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Political Science Department
 

GO 227 : Russia : A Century of Change

Fall 2005
K. Graney
T / Th 2:10-3:30 / Ladd 206

OFFICE : Ladd 306a
PHONE: x5242
EMAIL: kgraney
OFFICE HOURS: TBA

This class examines the "short" 20th century in Russia, a century book-ended by two great revolutions--the 1917 revolution which brought communism to Russia and created the Soviet Union, and the 1991 revolution which saw the collapse of Soviet communism and witnessed the re-birth of Russia as a "modern, democratic" state.

This class is reading and writing intensive--you will gain extensive practice in reading and analyzing different types of primary texts (official decrees, speeches, memoirs) and different genres of historical literature (poems, fiction), and you will gain extensive practice in writing well-argued, grammatically-correct essay papers.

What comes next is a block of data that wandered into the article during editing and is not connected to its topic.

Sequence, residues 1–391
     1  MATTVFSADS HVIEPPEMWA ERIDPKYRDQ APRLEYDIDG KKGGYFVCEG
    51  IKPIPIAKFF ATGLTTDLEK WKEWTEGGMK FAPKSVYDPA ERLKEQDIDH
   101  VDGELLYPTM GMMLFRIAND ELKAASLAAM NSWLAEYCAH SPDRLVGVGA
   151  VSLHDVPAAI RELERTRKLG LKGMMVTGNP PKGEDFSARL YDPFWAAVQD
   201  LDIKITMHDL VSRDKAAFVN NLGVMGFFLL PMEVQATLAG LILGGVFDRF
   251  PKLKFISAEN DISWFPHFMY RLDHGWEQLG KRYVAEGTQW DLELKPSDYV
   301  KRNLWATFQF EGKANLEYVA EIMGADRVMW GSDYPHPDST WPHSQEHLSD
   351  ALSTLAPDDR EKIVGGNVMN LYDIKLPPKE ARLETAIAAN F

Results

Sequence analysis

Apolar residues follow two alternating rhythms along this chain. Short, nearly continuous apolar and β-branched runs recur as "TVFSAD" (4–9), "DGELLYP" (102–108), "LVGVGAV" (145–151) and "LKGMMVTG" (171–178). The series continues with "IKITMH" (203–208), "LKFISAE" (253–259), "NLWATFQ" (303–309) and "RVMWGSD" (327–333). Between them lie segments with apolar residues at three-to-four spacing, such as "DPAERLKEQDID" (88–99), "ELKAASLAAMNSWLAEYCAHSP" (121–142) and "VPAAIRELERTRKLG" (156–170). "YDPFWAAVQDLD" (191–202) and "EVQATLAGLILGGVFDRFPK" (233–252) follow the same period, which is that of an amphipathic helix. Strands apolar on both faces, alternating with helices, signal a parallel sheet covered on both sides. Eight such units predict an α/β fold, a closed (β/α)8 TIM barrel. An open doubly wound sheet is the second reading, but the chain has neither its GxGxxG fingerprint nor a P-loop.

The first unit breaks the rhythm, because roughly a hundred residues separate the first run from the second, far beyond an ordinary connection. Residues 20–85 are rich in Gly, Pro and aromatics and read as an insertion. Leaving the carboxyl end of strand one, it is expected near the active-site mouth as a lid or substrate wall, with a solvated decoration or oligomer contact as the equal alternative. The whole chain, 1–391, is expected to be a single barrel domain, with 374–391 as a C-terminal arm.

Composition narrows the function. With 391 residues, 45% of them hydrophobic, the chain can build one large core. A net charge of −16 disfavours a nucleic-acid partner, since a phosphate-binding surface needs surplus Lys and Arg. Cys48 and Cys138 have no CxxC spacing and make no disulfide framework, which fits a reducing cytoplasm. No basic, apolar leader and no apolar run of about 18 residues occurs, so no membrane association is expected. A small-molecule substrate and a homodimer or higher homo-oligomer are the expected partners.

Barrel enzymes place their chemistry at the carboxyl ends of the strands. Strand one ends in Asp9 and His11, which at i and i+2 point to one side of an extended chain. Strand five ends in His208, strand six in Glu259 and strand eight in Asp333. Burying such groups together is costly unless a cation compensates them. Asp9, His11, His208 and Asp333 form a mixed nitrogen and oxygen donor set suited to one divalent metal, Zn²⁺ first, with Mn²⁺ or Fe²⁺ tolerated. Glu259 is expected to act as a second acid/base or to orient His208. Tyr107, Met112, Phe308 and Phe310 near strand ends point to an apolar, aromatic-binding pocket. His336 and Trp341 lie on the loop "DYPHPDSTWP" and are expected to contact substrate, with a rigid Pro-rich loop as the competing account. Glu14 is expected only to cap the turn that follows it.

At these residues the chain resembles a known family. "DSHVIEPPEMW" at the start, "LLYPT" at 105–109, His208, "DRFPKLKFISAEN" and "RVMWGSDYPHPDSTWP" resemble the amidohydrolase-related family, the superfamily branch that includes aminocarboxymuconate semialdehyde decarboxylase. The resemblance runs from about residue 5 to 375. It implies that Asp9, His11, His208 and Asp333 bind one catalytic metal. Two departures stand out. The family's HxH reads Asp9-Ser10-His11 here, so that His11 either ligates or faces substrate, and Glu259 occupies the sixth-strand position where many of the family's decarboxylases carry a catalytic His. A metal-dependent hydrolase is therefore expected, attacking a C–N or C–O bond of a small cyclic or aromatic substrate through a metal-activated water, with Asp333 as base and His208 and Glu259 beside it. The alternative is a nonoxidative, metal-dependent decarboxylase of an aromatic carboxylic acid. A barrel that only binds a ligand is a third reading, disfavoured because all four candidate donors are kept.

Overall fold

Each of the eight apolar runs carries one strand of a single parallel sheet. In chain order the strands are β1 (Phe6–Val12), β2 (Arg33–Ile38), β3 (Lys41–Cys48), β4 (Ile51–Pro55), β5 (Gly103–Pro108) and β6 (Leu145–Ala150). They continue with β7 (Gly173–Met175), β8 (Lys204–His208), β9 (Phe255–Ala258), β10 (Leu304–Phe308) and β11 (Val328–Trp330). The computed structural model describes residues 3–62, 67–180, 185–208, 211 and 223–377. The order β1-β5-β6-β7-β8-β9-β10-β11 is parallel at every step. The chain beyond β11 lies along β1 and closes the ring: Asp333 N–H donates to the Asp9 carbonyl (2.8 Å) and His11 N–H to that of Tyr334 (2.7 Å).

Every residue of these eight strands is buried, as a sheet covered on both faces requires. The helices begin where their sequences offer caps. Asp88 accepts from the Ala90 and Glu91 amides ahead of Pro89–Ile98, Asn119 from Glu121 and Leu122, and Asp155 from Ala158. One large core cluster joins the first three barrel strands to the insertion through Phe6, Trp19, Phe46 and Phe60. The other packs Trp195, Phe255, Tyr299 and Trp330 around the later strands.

REQUIRED BOOKS (available for purchase at Skidmore Shop):

A Documentary History of Communism in Russia edited by Robert Daniels
A Short History of the Soviet Union from the Beginning to the End, by Peter Kenez
Behind the Urals: An American Worker in Russia's City of Steel, by John Scott
A Day In The Life of Ivan Denisovich, by Alexander Solzhenitsyn
Fathers and Sons, by Ivan Turgenev

Required Additional Readings: PACKET

ASSIGNMENTS:

Class Participation and Classroom Comportment (20%)

TWO 5-7 Page Analytical Essay Papers (20% each) : FIRST PAPER DUE OCT 11
SECOND PAPER DUE NOV 22

Take Home Mid-Term Exam (20%): Handed out OCT 25: Due NOV 1 in class

Take Home Final Exam (20%): Handed out DEC 13: Due As Scheduled by Registrar


Schedule of Readings and Assignments:

Th Sept 8: Syllabus, packets

Tu Sept 13: Imperial Russia : Land of the Tsars and Serfs


--Richard Pipes, Russia Under the Old Regime, p.1-24, PACKET
--Michael Kort, Soviet Colossus, "The Autocratic State", 8-18, PACKET